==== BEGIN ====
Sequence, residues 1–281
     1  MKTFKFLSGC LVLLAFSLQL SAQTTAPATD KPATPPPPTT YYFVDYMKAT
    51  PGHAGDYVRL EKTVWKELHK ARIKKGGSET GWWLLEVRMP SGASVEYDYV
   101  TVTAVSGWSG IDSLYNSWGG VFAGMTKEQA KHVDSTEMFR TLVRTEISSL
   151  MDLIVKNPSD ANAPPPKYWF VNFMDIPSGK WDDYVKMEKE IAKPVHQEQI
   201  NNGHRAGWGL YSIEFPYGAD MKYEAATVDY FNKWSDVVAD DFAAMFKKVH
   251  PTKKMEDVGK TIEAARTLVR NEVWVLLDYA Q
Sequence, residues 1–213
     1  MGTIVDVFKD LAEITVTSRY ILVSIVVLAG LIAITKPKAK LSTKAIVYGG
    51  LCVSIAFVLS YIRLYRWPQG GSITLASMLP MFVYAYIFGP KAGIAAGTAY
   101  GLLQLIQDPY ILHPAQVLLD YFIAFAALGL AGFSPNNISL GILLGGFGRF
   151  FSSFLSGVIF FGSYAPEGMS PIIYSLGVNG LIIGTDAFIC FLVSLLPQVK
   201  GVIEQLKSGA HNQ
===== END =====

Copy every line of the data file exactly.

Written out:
Sequence, residues 1–281
     1  MKTFKFLSGC LVLLAFSLQL SAQTTAPATD KPATPPPPTT YYFVDYMKAT
    51  PGHAGDYVRL EKTVWKELHK ARIKKGGSET GWWLLEVRMP SGASVEYDYV
   101  TVTAVSGWSG IDSLYNSWGG VFAGMTKEQA KHVDSTEMFR TLVRTEISSL
   151  MDLIVKNPSD ANAPPPKYWF VNFMDIPSGK WDDYVKMEKE IAKPVHQEQI
   201  NNGHRAGWGL YSIEFPYGAD MKYEAATVDY FNKWSDVVAD DFAAMFKKVH
   251  PTKKMEDVGK TIEAARTLVR NEVWVLLDYA Q
Sequence, residues 1–213
     1  MGTIVDVFKD LAEITVTSRY ILVSIVVLAG LIAITKPKAK LSTKAIVYGG
    51  LCVSIAFVLS YIRLYRWPQG GSITLASMLP MFVYAYIFGP KAGIAAGTAY
   101  GLLQLIQDPY ILHPAQVLLD YFIAFAALGL AGFSPNNISL GILLGGFGRF
   151  FSSFLSGVIF FGSYAPEGMS PIIYSLGVNG LIIGTDAFIC FLVSLLPQVK
   201  GVIEQLKSGA HNQ